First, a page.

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U.S. Industry Seeks Solution to Spiraling Costs of Medical Care for Early Retirees; Studies Warn That the Worst Is Yet to Come

July 22, 1989|FRANK SWOBODA | The Washington Post

WASHINGTON — After a decade of downsizing, American industry has been hit with an unanticipated new benefit cost: health care for employees who take early retirement.

A new study by one of the nation's leading employee benefit consultants shows that the health-care bill for early retirees increased dramatically last year and now outpaces those costs for active employees.

The study by A. Foster Higgins & Co. showed that the average cost of medical care for employees who took early retirement was $2,397 last year compared to an average cost of $2,160 for active employees and $1,372 for retirees who had reached the age of 65 and were eligible for Medicare benefits. In 1986, the average costs were $1,950, $1,857 and $1,239 respectively.

The study involved 1,600 companies nationwide and was based on a larger health care survey conducted in 1988 by Foster Higgins. The firm's annual health care benefits survey is one of the largest of its kind in the nation, covering private and public employers from all 50 states.

With the graying of the American work force, the situation is expected to get worse in the coming years, according to the study's co-authors, Patricia Wilson and Thomas Burke. Their study showed that one third of all retirees are now under age 65. And nearly half the companies surveyed have started early retirement programs within the last five years.

Manufacturers have been the hardest hit, largely because they have been offering early retirement programs for much of the 1980s in an effort to pare down their work forces. In the auto and steel industries, for example, the size of the work force has been cut nearly in half during the decade.

Based on the current profile of the nation's workers, Burke predicts that "the demographics of the United States in 12 years will resemble that of Florida. With the aging of the United States, companies must realize that retiree health care is a problem which must be given top priority."

The study showed that in 1988 retirees accounted for 13.7% of employer health care spending, a 15% increase over the previous year.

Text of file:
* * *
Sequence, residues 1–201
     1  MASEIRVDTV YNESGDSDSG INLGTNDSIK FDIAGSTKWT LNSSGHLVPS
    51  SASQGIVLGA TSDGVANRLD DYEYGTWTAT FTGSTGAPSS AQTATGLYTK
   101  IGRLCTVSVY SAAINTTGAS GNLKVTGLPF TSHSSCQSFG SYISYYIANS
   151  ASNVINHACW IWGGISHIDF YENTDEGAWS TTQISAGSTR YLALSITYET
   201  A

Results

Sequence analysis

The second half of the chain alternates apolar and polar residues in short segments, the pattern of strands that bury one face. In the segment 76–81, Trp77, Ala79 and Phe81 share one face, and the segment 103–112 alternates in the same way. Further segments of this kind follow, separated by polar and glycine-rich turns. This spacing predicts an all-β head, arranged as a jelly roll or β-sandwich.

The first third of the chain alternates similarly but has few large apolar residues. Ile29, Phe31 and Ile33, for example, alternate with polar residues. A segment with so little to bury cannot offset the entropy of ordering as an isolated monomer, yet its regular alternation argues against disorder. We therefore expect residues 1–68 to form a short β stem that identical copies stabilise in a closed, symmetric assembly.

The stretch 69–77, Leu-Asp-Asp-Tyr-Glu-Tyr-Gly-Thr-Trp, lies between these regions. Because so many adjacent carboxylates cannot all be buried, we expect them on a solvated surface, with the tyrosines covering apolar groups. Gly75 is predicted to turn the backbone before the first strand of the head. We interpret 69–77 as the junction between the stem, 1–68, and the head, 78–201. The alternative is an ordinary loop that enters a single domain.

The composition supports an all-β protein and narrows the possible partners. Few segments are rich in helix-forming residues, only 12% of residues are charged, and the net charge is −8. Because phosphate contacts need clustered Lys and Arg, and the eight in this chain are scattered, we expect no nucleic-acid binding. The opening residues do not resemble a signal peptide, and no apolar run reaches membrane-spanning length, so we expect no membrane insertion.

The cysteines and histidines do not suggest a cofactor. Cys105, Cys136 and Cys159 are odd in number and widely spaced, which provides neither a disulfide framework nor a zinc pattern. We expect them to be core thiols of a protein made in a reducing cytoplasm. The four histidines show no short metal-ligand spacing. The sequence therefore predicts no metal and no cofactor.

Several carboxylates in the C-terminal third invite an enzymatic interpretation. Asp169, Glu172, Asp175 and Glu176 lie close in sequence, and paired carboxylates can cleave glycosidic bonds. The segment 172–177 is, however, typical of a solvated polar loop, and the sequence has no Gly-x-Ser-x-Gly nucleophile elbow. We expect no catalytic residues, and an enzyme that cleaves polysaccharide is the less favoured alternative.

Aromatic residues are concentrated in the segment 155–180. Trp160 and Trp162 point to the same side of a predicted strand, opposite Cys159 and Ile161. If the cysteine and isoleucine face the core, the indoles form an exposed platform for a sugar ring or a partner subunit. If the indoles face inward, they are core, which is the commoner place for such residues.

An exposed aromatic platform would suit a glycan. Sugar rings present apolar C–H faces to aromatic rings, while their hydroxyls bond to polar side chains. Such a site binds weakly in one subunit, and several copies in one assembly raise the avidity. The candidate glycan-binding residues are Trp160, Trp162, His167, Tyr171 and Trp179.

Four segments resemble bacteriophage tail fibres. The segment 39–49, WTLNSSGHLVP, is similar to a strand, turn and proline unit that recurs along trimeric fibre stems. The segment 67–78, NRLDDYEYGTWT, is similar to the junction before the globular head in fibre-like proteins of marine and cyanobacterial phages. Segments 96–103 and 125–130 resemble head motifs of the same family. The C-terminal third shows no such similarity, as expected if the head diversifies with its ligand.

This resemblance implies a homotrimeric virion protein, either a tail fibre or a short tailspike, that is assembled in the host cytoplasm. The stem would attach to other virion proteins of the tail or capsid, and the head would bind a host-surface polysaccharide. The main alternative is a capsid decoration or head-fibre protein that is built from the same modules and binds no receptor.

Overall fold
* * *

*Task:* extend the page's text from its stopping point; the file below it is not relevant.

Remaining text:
Companies that attempt to cushion themselves from this cost merely by passing it onto retirees could find themselves in a bind. "Many employers are moving toward sharing their health benefit cost increases with retirees. Increased cost-sharing, reduced benefits and the use of Medicare carve-out plans (not covering what Medicare covers) will help limit the cost increases to the employer but will not ultimately afford much control over health care costs," they said.

The study showed that a majority of the companies surveyed are either reducing benefits or requiring higher contributions from their retirees. The study also showed that very few companies--3%--had terminated their retiree health plans as a way to deal with the cost increases.

Wilson and Burke noted that "moving from a defined benefit to a defined contribution plan (for health care benefits) does offer control by limiting the employer's expense to whatever the defined contribution is, but fails to address the underlying cause of the cost increases in retiree health care. It also fails to address the costs caused by increasing numbers of retirees for whom a defined contribution must be made."

Under a defined benefit plan, the employer guarantees to provide a specific benefit regardless of cost. In a defined contribution plan the employer simply agrees to pay a specific amount of money toward benefit coverage. Any increases in the cost of medical care under the defined contribution plan would be paid by the employee.

The authors warned that while shifting the cost or risk onto the retiree may limit a company's financial liability, none of the moves being taken by companies so far does much to curb rising health care costs.

According to the authors, companies should begin addressing the problem by first acknowledging a difference in the health care needs of active workers and retirees and then collecting data to determine what is "appropriate care" by the medical community and when their employees are receiving more than necessary care or care that is being furnished in "overly excessive settings."

The process of taking a closer look at the medical profession has already begun. Mercer Meidinger Hansen, another major benefit consulting firm, recently questioned why employers should pay for twice-a-year dental checkups. The every-six-months checkup, they told their clients, does not have a scientific basis and was developed by the dental profession before the advent of fluoride and flossing.

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